The Hague, 21 October 2022: At an online meeting held this week the Syrian Policy Coordination Group (PCG) on missing and disappeared persons completed a new policy paper that proposes the adoption of a national legal framework to address the issue of investigations into mass graves in Syria. The PCG discussed also a new draft paper on the Syrian “amnesty” decrees and their effect on the issue of missing persons and detainees.
“The multiple ‘amnesty’ decrees issued by the Syrian regime have not resulted in the release of the tens of thousands of detainees who were subjected to enforced disappearance in Syria,” one PCG member noted. “The decrees have also failed to reveal the fate of missing and disappeared persons in detention centers.”
Another member pointed out that “The decrees do not cover political charges that have been used to detain or imprison individuals,” and added that there is a fear “the decrees could be used to eliminate accountability for perpetrators.”
The PCG was established following a conference organized by the International Commission on Missing Persons in The Hague in February 2020. The PCG comprises 27 members, including Syrian family associations, civil society organizations, jurists and human rights defenders, and international advisors. It aims to develop broad recommendations and a policy framework for a future Syrian missing persons process, including purpose-specific legislation and institutions. The PCG has adopted several documents related to Syria’s missing, including an Ethical Charter on Data Collection and Documentation, a UPR submission to the UN Human Rights Council, a Proposed Constitutional Principles paper, a Legislations paper on missing persons.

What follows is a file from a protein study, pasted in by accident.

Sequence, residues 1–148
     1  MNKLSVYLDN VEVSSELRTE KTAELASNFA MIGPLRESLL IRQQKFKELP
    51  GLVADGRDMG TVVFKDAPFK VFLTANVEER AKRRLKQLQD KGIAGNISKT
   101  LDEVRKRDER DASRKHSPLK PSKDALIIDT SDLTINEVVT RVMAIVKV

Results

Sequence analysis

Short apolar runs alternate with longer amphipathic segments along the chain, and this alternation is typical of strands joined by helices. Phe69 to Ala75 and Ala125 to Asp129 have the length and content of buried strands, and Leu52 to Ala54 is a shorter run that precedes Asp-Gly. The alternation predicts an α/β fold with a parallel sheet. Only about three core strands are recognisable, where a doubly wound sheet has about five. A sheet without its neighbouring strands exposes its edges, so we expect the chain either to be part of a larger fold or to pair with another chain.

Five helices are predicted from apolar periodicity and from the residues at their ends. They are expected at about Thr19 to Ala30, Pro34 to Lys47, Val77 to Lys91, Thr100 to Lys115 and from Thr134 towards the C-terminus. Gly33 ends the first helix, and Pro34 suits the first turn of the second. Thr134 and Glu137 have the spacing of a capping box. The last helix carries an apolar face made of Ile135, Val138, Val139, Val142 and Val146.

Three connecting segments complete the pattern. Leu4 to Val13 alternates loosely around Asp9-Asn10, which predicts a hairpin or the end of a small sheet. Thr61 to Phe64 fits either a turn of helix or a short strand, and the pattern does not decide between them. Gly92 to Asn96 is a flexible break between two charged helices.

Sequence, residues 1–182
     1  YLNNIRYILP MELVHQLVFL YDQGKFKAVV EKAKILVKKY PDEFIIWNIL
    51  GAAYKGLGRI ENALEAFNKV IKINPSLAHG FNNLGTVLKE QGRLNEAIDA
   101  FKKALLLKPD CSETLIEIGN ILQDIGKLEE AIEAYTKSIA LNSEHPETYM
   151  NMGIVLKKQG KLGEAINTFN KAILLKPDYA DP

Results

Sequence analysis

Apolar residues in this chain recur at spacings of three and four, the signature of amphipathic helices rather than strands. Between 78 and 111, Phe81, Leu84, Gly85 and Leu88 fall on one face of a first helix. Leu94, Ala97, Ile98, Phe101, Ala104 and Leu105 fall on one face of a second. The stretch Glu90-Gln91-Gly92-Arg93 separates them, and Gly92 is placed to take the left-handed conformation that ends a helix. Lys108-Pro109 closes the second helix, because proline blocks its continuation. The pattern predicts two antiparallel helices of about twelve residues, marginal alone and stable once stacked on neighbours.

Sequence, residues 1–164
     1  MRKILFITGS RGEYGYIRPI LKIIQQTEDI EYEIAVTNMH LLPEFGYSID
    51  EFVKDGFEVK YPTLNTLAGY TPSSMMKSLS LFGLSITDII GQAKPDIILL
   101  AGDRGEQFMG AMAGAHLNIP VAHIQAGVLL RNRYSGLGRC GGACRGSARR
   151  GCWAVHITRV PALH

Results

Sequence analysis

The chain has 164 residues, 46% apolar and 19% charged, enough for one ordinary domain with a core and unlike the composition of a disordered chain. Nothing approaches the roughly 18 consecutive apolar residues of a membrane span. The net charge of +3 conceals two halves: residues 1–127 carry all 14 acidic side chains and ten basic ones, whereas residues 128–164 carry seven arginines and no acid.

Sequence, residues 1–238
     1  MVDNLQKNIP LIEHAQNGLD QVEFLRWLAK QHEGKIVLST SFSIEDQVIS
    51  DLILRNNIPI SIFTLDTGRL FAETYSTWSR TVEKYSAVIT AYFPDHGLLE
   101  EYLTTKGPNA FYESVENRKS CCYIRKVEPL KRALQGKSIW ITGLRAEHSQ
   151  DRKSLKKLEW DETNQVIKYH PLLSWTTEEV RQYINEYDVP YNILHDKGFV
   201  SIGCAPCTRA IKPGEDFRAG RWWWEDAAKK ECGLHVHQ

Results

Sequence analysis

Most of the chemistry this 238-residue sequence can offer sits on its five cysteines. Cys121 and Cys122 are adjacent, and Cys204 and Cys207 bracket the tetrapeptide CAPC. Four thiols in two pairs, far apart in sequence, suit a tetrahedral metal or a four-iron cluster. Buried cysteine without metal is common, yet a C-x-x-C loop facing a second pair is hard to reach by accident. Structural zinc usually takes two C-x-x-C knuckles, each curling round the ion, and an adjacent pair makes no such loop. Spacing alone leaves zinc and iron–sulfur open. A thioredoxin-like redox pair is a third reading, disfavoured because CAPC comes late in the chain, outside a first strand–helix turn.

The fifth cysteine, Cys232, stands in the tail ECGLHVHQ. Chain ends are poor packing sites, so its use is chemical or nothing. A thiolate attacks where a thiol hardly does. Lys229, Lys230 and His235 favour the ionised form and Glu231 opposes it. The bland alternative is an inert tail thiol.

More than 130,000 people are believed to be missing as a result of the conflict in Syria. In addition, the country has a legacy of missing and disappeared persons cases linked to human rights abuses and other causes prior to the conflict, and thousands of Syrians who have fled the fighting have gone missing along migratory routes.
ICMP’s assistance to the PCG is funded by the United Kingdom through the support it provides to ICMP’s Syria/MENA program. The PCG is part of ICMP’s strategy to help lay the foundations for a sustainable missing persons process for Syria. ICMP is also actively engaged in creating a central data repository of missing persons from Syria. To date, with the support of Syrian families of the missing and Syrian Civil Society Organizations, ICMP has collected data from more than 60,000 Syrian families of the missing, including genetic reference samples for DNA testing and matching.
ICMP is a treaty-based intergovernmental organization with Headquarters in The Hague, the Netherlands. Its mandate is to secure the cooperation of governments and others in locating missing persons from conflict, human rights abuses, disasters, organized crime, irregular migration and other causes and to assist them in doing so. It is the only international organization tasked exclusively to work on the issue of missing persons.